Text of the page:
T he Economic Survey 2005 estimates that the electricity problems in India cause an annual approximate GDP loss of Rs.3,000 billion! For India to be positioned permanently into the double digit growth league, it needs an additional 0.1 million MW of power generation capacity annually. Beyond the conventional sectors then, the non-conventional sources of energy generation (solar, wind, biomass & tidal among others) need thorough deliberation and implementation.
These environment friendly energy generation processes can meet the energy crisis and come very cheap as the cost of generation per unit ranges from Rs. 1.50 to 3.00 only. Annual output of approximately 1.6 TWh and 15.0 TWh alone are predicted from the tidal ranges of the Gulf of Kutch and the Gulf of Khambat respectively. Bio-masses can similarly be exploited judiciously to generate electricity and also to support cultivation and the irrigation processes.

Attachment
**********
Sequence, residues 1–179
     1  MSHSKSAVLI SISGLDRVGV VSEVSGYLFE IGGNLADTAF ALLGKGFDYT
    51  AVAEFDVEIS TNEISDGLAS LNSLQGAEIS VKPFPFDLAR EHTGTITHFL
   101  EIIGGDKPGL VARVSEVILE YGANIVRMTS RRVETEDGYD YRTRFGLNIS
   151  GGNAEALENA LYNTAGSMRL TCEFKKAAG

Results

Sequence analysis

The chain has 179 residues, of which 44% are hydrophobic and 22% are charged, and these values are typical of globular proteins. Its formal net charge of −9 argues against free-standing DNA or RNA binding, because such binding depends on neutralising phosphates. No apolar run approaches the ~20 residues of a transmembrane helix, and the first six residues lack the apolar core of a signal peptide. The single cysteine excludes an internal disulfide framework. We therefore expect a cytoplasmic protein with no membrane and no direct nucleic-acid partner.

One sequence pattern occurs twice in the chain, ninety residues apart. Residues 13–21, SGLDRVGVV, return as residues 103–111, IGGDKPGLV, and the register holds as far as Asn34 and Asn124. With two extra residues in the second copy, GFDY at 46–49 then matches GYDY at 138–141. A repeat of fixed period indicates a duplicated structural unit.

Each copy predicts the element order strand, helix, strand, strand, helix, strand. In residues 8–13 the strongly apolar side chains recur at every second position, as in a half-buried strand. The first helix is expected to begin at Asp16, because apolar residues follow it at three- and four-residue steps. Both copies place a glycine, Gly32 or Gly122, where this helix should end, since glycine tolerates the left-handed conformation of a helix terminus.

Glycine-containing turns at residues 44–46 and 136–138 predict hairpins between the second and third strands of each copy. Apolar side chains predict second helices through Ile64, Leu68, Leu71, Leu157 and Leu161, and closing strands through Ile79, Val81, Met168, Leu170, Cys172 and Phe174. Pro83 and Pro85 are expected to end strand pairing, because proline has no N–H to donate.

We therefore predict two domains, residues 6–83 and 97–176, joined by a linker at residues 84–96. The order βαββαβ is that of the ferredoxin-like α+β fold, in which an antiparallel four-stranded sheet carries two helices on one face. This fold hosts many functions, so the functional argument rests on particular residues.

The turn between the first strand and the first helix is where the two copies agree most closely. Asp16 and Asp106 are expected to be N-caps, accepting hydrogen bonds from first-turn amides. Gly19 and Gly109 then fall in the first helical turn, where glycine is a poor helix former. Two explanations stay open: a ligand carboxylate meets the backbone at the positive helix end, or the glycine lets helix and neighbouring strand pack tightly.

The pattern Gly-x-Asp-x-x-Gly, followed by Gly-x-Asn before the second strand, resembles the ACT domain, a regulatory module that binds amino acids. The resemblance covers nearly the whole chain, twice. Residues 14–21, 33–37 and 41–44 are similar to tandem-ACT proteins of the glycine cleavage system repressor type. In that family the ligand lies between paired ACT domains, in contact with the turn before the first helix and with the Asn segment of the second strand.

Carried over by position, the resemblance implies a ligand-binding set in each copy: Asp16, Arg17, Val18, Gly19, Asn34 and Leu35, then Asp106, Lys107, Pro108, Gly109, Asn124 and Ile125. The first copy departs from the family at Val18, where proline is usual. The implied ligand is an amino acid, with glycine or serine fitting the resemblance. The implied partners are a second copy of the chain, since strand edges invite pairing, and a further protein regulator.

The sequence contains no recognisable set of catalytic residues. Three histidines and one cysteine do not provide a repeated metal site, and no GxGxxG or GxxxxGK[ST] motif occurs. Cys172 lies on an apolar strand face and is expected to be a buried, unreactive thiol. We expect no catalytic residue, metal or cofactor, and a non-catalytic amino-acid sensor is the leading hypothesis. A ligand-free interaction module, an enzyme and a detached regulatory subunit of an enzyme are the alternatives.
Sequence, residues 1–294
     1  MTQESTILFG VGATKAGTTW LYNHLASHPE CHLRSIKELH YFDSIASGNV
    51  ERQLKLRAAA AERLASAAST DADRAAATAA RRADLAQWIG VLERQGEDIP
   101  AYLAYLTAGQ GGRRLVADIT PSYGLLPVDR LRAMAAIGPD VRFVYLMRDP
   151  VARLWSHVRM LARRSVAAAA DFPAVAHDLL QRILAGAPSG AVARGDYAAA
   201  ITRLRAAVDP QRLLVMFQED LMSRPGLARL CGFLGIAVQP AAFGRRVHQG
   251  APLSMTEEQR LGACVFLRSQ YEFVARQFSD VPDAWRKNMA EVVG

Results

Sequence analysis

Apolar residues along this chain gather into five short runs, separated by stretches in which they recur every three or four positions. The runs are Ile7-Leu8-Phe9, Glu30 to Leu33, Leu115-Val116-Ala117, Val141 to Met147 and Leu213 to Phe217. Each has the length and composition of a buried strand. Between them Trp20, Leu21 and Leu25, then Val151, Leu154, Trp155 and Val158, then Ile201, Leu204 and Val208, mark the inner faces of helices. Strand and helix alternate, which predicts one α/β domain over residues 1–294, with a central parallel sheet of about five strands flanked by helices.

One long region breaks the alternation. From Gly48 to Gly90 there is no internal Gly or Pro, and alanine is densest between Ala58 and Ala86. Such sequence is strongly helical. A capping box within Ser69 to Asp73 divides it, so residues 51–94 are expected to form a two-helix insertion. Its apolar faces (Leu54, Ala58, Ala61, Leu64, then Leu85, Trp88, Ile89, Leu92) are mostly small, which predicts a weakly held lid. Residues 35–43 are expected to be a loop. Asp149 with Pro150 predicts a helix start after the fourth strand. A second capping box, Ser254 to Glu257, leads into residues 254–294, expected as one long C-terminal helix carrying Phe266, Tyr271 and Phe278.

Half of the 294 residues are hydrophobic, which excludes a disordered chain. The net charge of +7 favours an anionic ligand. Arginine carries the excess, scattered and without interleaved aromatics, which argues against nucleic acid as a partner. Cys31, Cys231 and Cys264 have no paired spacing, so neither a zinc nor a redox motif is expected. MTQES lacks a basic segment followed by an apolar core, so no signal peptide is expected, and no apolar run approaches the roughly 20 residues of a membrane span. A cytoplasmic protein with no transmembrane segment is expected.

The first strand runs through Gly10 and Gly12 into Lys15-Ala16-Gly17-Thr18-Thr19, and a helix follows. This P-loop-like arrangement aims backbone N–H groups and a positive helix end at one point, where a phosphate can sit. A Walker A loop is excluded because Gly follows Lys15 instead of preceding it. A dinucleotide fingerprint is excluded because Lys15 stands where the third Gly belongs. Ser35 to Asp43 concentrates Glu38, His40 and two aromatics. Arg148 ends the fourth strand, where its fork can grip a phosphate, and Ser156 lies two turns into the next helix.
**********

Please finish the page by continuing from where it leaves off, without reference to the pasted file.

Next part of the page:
The problem of energy needs to be solved keeping into account not only households and industries but also the socio-economic development in rural areas, which includes rural electrification. And one hasn't even started talking about the transmission and distribution losses that plague India's energy distribution system without respite.